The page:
Popular Plant has Yellow-Flowered Cousin
This article was first published on 23 Feb 2016.
A garden favourite has had a name change. It also has a less well-known but showy deciduous climbing relative with yellow flowers.
Many gardeners have heard of the old-fashioned herbaceous garden plant, common bleeding hearts. Its old Latin name of Dicentra had become a popular common name but in fact, that name is no longer accurate - botanists reclassified it to Lamprocapnos spectabilis. Its popularity stems from ferny foliage, from which flower spikes of white or pink heart shaped flowers hang.
Its cousin exhibits similarly attractive features. Dactylicapnos scandens is known as the bleeding heart vine or sometimes, golden tears. Each spring it grows away from an underground tuber. By mid-summer it can be several metres up a trellis or tree with numerous bunches of small yellow heart shaped flowers appearing. It will continue to flower until hit by the first frost, when it can be cut back down to the ground, waiting to reappear the next spring.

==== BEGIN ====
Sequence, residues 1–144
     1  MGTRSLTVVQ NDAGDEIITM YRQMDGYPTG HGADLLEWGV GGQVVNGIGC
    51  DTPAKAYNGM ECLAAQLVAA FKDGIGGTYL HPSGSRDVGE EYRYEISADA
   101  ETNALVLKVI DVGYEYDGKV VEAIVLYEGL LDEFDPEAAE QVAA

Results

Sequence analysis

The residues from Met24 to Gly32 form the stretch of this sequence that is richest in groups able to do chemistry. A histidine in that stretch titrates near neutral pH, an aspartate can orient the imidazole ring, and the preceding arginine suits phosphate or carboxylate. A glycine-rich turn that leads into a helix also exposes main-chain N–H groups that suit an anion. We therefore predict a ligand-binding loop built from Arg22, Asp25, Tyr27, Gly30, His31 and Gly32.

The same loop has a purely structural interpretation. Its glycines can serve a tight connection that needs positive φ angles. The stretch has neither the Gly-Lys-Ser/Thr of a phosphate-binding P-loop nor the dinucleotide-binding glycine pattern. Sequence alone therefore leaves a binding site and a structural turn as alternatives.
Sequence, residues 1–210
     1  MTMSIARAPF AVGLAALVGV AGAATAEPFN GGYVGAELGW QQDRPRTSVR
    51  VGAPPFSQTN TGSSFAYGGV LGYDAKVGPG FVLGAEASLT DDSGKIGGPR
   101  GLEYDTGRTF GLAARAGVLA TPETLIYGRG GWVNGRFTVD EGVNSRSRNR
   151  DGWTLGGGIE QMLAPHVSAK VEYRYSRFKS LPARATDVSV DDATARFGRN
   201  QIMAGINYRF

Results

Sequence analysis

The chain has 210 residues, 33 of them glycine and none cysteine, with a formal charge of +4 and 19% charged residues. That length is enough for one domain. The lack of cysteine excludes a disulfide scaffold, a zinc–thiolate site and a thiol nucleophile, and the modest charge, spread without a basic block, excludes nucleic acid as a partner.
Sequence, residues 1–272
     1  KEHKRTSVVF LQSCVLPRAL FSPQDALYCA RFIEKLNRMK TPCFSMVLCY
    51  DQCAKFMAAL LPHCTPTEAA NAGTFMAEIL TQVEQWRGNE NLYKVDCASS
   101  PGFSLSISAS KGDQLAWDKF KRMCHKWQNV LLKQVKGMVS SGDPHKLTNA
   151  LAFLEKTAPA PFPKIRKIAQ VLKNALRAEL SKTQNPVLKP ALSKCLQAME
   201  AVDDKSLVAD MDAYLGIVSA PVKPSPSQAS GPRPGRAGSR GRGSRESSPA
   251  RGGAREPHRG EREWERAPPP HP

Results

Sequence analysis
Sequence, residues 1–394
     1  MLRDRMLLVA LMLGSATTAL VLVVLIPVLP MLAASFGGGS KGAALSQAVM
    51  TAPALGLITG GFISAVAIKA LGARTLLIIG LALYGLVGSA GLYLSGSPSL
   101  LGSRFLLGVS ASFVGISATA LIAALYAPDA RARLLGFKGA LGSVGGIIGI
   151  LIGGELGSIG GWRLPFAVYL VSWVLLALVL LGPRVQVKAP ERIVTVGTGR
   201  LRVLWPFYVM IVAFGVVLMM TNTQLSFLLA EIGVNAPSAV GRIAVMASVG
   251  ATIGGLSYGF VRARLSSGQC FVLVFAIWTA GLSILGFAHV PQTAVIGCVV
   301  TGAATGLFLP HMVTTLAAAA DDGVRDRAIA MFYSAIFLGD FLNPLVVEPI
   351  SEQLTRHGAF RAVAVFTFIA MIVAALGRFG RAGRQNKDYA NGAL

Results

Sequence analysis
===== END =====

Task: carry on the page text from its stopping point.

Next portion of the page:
Planting location seems to be the key to successfully growing Dactylicapnos scandens. It likes moist but free-draining soil with its roots in a shady cool location. Sometimes it can take several attempts to find the ideal location but when found, the plant will flourish. The easiest method of propagation is from seed which can be collected in late summer and autumn and stored in a fridge until ready to be sown in spring.
Dactylicapnos scandens is growing in the Himalayan border of the Geographic Collection in Dunedin Botanic Garden.
Dylan Norfield is Collection Curator of the Geographic and Arboretum Collection at Dunedin Botanic Garden.